A t many feet above the earth, -grow down tion, do hereby call said convention
Adulterating Lard. to the earlh, there take root, and in to meet at the Opera House, in the
The investigation -now being made time form strong trunks, which in city of Jacksonville, on- Wednesday,
by the committee on -agriculture, at their turn, throw out horizontal the i5th day of May next, at .the hour
Washington develops the fact that branches and go on-- extending the of 12 o'clock of that day. .
the manufacturers of lard -use the leaf tree by throwing down air-roots, as In addition to the members of the
lard almost entirely for making imita- before. These air-roots are a singular former convention, the county com-
tion butter, and that the lard .of com- sight,. often forming a pendant, sway- missioners of the several counties are
merce to-day is made of the other fat ing mass of fibres a foot or more in authorized and requested to ap-
of the hog combined -with stearinie diameter. When they reach and rest point three additional delegates.
- (beef fat) and cotton seed oil.;: It is upon the ground, they take-root, and Branch associations -willt be en-
not denied that this is done to secure drawing nourishment from the soil, titled to representation. All asso-

proceed to form a strong trunk, great-
ly resembling, at- first, a cable of
withes, twisted together longitudinally.
Offering this explanation in the in-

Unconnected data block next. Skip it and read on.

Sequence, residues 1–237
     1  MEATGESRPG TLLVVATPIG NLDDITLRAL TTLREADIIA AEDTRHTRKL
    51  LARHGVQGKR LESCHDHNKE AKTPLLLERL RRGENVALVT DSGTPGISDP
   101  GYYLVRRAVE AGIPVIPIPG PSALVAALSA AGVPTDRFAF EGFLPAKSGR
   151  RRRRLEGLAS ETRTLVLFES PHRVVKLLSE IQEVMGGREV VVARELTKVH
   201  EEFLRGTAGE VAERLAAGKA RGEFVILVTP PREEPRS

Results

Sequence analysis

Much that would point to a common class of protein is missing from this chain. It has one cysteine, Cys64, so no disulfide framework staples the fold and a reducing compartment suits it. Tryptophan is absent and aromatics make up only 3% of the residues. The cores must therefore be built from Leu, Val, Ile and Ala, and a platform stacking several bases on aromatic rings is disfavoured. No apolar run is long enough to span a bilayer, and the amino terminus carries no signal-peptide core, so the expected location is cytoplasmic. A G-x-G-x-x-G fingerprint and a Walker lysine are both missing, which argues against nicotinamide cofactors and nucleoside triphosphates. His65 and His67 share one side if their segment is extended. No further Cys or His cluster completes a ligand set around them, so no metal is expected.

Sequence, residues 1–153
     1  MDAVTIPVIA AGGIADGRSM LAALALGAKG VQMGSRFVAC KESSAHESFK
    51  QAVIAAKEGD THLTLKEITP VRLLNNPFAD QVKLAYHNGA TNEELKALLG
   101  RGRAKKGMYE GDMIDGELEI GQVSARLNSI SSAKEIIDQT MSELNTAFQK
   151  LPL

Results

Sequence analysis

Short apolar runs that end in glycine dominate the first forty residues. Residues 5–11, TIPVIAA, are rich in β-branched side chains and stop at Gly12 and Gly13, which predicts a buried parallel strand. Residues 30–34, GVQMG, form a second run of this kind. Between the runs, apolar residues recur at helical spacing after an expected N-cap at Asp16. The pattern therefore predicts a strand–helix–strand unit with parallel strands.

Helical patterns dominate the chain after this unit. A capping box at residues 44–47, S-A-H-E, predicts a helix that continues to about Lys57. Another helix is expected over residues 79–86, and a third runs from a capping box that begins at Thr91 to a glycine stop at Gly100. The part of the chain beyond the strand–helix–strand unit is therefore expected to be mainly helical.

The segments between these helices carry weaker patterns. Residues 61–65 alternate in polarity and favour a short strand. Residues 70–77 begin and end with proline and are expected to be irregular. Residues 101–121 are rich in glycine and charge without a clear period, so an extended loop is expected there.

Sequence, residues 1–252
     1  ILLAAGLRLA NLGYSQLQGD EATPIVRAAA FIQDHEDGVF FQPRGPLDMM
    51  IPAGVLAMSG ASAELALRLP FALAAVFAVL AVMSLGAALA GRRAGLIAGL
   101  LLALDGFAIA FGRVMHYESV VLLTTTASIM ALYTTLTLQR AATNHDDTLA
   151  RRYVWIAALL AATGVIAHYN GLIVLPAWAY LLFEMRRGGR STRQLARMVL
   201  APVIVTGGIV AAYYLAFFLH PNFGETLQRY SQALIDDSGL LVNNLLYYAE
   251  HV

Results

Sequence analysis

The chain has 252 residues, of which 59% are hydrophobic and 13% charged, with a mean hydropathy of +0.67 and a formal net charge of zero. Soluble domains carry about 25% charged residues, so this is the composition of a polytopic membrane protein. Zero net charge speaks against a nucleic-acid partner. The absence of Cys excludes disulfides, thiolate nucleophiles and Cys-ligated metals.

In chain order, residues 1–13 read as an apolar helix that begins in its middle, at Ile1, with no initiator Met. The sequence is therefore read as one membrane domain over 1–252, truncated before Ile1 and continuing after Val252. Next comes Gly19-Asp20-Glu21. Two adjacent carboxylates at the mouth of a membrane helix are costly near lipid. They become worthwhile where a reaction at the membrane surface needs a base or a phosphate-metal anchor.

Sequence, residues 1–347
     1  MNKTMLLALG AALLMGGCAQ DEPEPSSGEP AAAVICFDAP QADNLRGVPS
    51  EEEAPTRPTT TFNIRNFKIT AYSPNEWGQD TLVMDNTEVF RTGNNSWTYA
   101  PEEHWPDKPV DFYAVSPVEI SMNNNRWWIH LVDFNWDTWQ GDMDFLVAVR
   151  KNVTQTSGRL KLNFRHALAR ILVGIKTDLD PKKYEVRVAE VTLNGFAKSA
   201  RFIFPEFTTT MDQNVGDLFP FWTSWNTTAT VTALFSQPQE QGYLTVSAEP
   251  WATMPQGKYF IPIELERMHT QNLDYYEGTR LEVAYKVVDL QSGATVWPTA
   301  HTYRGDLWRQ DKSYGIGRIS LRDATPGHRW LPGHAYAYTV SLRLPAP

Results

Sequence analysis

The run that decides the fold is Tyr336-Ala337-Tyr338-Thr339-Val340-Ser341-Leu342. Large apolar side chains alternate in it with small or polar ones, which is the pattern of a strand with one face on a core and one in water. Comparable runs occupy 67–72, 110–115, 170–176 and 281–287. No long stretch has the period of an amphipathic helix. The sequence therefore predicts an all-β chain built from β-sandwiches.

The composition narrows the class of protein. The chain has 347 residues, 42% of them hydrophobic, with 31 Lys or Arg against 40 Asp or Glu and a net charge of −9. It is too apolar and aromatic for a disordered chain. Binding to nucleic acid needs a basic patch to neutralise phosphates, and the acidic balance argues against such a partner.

terest of truth and science, and crav-
ing pardon from the illustrious shades
of our departed friends, I remain,
Very truly yours,
Fiscus CARICA.
I'NOTE -IN a notice of the recent Florida
Press excursion, lately printed in the Dri-
PATCH, allusion is made to a Banyan tree
(Fvicus Indica), now growing at the Bar-
racks, in Key West. The writer has seen
that tree, and believes it to be a genuine Ban.
yan, as above described.. F. C.
Maiden Cane.
It is very evident that Mr. Simpson
and Professor Curtiss are talking about
entirely different plants. It is only
another illustration of the uncertainty
of common names.
I have no doubt that the grass which
Mr. Simpson calls Panicumn Curtisii is
known in his neighborhood as "Maid-
en Cane."
The plant to which Professor Curtiss
refers is doubtless the one known in
this part of the State as "Maiden Cane"
or "cane grass." I have been watch-
ing it carefully for five summers, and
have never seen any signs of a flower
stalk. I think our seasons are not
long enough for it, that if the top could
be kept alive over winter it might pos-
sibly bloom the second season. I wish
-: a. yr-I,- I .onraan hi o. I 7r-,i A


citations organized to promote immi-
gration to Florida, municipal bodies,'
boards of trade, and land companies
in the State of Florida are invited to
send delegates.
Transportation companies in and
out of the State interested in the ob-:
jects .of the convention are specially
requested to appoint delegates to rep-
resent them. .
The executive officers of the State
government and members of the press
are invited to participate. It is hoped
that landowners and citizens of the